Journalist Natasha Smith took to her blog today to recount her attack and sexual assault in Tahrir Square.
The multimedia journalist and associate editor of the Fair Observer's Middle East team was in Egypt to film a documentary about "women's rights and abuses against women in Egypt since the revolution," according to her website.
She tells the details of being in Tahrir Square with her friend Callum and others after the presidential election winner was announced and of being "so happy to be in such a wonderful environment."
But things quickly turned, as she realized the crowd was becoming thicker and she tried to turn away from the square. Then, she said, "in a split second, everything changed." Her friend tried to keep hold of her, but Smith said there were hundreds of men dragging her away as she kicked and screamed.
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Hunched over in an attempt to protect her camera, Smith was stripped of her camera, her rucksack, and then her clothes. She then recounts the details of how the men groped her, "scratching and clenching my breasts and forcing their fingers inside me in every possible way."
"I shouted 'Salam! Salam! Allah! Allah!.' In my desperate state I also shouted 'ma'is salaama!' which actually means 'goodbye' — just about the worst possible thing to say to a horde of men trying to ruin me. I might as well have yelled 'Goodbye cruel world! Down I go!'" she wrote on her blog.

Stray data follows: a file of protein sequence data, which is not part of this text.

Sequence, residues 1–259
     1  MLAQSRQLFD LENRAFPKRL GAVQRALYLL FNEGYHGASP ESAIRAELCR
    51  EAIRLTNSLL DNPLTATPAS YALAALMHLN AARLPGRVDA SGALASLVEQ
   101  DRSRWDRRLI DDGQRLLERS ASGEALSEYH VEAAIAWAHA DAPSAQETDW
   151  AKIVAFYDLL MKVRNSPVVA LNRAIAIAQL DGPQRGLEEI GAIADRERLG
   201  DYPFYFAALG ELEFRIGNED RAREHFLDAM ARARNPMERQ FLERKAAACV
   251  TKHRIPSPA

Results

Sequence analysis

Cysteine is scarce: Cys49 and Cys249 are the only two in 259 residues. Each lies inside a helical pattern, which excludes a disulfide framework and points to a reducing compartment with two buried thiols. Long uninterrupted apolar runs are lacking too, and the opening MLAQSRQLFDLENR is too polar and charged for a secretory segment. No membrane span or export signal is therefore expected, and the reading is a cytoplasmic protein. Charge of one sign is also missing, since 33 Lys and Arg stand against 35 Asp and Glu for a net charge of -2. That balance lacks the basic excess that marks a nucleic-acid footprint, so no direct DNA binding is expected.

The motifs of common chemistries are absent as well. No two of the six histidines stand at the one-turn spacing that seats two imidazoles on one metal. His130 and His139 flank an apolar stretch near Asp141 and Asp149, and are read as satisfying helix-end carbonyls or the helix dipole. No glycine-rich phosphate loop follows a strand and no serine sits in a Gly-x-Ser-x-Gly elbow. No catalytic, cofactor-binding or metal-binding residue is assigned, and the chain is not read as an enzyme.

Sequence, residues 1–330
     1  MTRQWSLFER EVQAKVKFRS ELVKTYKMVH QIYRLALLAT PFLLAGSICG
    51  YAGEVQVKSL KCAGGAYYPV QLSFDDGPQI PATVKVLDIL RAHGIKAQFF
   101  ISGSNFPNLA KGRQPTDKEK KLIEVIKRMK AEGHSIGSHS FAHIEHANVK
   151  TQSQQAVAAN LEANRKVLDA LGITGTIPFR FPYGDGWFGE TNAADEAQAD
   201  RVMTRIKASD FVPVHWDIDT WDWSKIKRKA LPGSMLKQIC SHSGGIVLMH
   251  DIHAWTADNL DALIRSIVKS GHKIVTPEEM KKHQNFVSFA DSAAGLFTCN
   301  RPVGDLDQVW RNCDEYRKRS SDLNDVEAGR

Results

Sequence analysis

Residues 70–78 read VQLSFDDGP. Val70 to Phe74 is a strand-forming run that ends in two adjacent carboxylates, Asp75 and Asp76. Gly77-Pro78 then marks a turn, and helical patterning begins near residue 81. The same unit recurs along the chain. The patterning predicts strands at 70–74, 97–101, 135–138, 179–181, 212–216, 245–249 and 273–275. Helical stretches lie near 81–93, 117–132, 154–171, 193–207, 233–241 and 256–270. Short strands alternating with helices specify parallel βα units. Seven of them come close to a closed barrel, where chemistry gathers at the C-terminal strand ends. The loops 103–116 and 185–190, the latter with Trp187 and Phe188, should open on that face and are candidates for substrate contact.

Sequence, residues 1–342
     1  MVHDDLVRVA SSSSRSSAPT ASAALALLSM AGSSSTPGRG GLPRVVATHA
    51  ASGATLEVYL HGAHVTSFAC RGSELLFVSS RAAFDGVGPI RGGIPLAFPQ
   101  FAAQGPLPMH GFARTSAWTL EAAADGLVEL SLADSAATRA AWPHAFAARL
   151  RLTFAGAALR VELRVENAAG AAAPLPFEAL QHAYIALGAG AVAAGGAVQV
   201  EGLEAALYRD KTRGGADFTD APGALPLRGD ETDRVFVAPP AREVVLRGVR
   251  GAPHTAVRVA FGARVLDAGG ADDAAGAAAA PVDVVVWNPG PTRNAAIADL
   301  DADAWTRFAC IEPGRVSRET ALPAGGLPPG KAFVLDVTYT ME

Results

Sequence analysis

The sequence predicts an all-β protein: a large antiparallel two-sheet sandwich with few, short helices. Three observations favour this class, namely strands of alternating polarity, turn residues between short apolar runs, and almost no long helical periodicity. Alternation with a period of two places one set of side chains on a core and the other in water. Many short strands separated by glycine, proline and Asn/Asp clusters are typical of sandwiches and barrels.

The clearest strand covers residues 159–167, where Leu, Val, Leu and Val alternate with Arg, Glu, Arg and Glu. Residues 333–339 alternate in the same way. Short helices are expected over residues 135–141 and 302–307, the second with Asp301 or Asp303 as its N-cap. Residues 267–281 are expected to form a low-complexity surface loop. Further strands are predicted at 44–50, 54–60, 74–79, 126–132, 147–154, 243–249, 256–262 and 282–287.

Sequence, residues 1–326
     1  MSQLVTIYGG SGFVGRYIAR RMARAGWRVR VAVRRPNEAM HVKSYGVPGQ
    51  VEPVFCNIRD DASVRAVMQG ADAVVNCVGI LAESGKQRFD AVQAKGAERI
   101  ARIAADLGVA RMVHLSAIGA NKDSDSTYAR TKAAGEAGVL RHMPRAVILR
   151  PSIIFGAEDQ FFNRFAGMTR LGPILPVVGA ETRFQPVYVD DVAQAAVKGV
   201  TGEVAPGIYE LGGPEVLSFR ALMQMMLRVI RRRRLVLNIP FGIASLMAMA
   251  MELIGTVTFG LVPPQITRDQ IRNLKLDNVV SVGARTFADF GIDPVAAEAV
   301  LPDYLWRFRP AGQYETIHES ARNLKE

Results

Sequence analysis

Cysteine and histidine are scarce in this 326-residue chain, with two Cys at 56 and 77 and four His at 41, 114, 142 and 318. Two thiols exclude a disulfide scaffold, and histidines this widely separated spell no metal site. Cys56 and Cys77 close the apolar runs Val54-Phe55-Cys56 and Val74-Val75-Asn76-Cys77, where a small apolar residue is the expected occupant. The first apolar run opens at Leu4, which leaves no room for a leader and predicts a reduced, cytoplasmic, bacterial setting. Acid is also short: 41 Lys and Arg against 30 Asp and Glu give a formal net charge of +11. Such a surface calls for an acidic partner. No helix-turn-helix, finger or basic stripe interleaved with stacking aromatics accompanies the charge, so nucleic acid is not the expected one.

Smith doesn't forget to mention the men in the square who tried to protect her, but they were far fewer than those trying to do her harm.
When one of the men picked up a tent pole in an attempt to hit her with it, Smith began to say aloud to herself, "Please God. Please make it stop. Please God. Please make it stop."
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After a lot of begging and pleading, Smith's friend Callum managed to get her to relative safety in a medical tent. Muslim women tried to cover her body for her as she passed out, and later told her that "the attack was motivated by rumours spread by trouble-making thugs that I was a foreign spy, following a national advertising campaign warning of the dangers of foreigners."
She wrote that "women were crying and telling me 'this is not Egypt! This is not Islam! Please, please do not think this is what Egypt is!'" as she reassured them that she knew what they were saying was true.
Smith then goes into the details of the aftermath of her attack, both directly after the assault and days later. To read her full account of what happened to her in Tahrir Square, visit Smith's blog.